By Michelle Werts
Today is the eighth annual Endangered Species Day! In December 1973, President Nixon signed into law the Endangered Species Act, which charged the U.S. Fish and Wildlife Service and the National Oceanic and Atmospheric Administration with protecting not only the listed species, but “the ecosystems upon which they depend.” And for the last 40 years, the agencies have been developing and implementing wildlife protection and recovery plans for hundreds of plant and animal species.
To celebrate Endangered Species Day, I thought we’d take a quick look at a few of the endangered and threatened species that American Forests is actively protecting by restoring wildlife habitat.
Woodland caribou (Rangifer tarandus caribou)
Last year, American Forests Global ReLeaf visited Washington’s Colville National Forest to work with the U.S. Forest Service to improve habitat for the forest’s wildlife, which includes the endangered woodland caribou (Rangifer tarandus caribou). Woodland caribou was added to the Endangered Species Act in 1983.
Red-cockaded woodpecker (Picoides borealis)
From 2008 to 2012, American Forests partnered with Florida’s Hal Scott Regional Preserve and Park to plant longleaf pine throughout hundreds of acres of the park to restore habitat for the endangered red-cockaded woodpecker. The woodpecker, endangered since 1970, requires many acres of mature longleaf pine habitat to thrive, but longleaf ecosystems have been dramatically reduced from almost 90 million acres two hundred years ago to less than three million today.
Coho salmon (Oncorhynchus kisutch)
Each year, American Forests conducts multiple riparian restoration projects to improve watershed health and aquatic habitat. Many of our riparian projects in the Pacific Northwest are aimed specifically at helping endangered and threatened fish species. This year, we’re planting 8,800 trees along Oregon’s Thompson Creek to help the threatened Coho salmon, which has been listed under the Endangered Species Act since 1997.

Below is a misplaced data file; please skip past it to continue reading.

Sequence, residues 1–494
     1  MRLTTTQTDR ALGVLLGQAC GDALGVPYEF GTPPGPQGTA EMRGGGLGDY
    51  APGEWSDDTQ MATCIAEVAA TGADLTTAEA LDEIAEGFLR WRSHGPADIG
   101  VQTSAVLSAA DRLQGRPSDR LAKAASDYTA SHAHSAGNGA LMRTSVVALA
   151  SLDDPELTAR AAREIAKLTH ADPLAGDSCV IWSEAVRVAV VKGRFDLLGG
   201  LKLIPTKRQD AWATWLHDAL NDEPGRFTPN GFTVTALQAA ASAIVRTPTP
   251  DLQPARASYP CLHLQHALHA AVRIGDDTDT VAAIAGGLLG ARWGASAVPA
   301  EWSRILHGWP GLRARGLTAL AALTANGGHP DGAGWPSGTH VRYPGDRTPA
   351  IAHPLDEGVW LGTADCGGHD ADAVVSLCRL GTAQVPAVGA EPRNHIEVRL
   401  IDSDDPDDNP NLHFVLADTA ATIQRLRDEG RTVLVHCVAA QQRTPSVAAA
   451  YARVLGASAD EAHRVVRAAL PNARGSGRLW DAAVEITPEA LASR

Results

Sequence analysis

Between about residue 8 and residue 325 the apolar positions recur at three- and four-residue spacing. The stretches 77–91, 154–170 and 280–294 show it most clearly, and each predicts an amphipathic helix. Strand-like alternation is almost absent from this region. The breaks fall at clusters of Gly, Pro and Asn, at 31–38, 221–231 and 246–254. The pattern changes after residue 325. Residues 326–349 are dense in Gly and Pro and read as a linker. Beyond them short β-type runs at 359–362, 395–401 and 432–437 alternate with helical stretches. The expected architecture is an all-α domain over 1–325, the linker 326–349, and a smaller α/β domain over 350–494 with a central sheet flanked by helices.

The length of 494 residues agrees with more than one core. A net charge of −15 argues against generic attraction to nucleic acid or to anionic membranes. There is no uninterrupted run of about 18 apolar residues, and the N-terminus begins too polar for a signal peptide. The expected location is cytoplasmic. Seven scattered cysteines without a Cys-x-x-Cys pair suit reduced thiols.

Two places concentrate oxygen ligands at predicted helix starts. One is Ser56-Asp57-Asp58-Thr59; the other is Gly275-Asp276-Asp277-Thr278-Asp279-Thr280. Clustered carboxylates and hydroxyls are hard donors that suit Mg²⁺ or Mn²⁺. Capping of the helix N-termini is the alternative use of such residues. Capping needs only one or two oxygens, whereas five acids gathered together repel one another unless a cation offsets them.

Wood stork (Mycteria americana)
Found in the Southeast, the wood stork was listed as endangered in 1984. Last year, American Forests partnered with The Nature Conservancy to plant pond cypress trees in South Carolina’s Washo Reserve to create nesting habitat for the stork.
Over the years, we’ve been able to help so many species thanks to the support of our members, but, today, amidst our recognition and extra focus on endangered species, I want to also take a moment to talk about what if. What if we didn’t have an Endangered Species Act working to save animal species on the brink? To date, less than one percent of species listed under the act have been removed because of extinction — that’s a 99 percent success rate! While my question might seem theoretical, due to the state of the U.S. budget, this question is more real than you think.
In 1982, the designation “warranted but precluded” was added via amendment to the Endangered Species Act. This fancy phrase means that a species should be given protected status under the act, but other species take priority in that year. Basically, it can’t be added because of a lack of funds to support recovery plans and activities. Ruh-roh!
This happened to the whitebark pine (Pinus albicaulis) in 2011. This keystone and foundation species in our Mountain West is facing daily battles with mountain pine beetles and white pine blister rust. We’re so concerned about this species that we created a whole initiative, Endangered Western Forests, to help save this tree and its ecosystem. Yet, additional protection under the Endangered Species Act is “warranted but precluded”? It’s frustrating to say the least, which is why American Forests supports the president’s request of $185.4 million in FY2014 appropriations for the Endangered Species Program. The Endangered Species Act is working, and we need to make sure Congress continues to give it the support it needs to save our beloved wild creatures.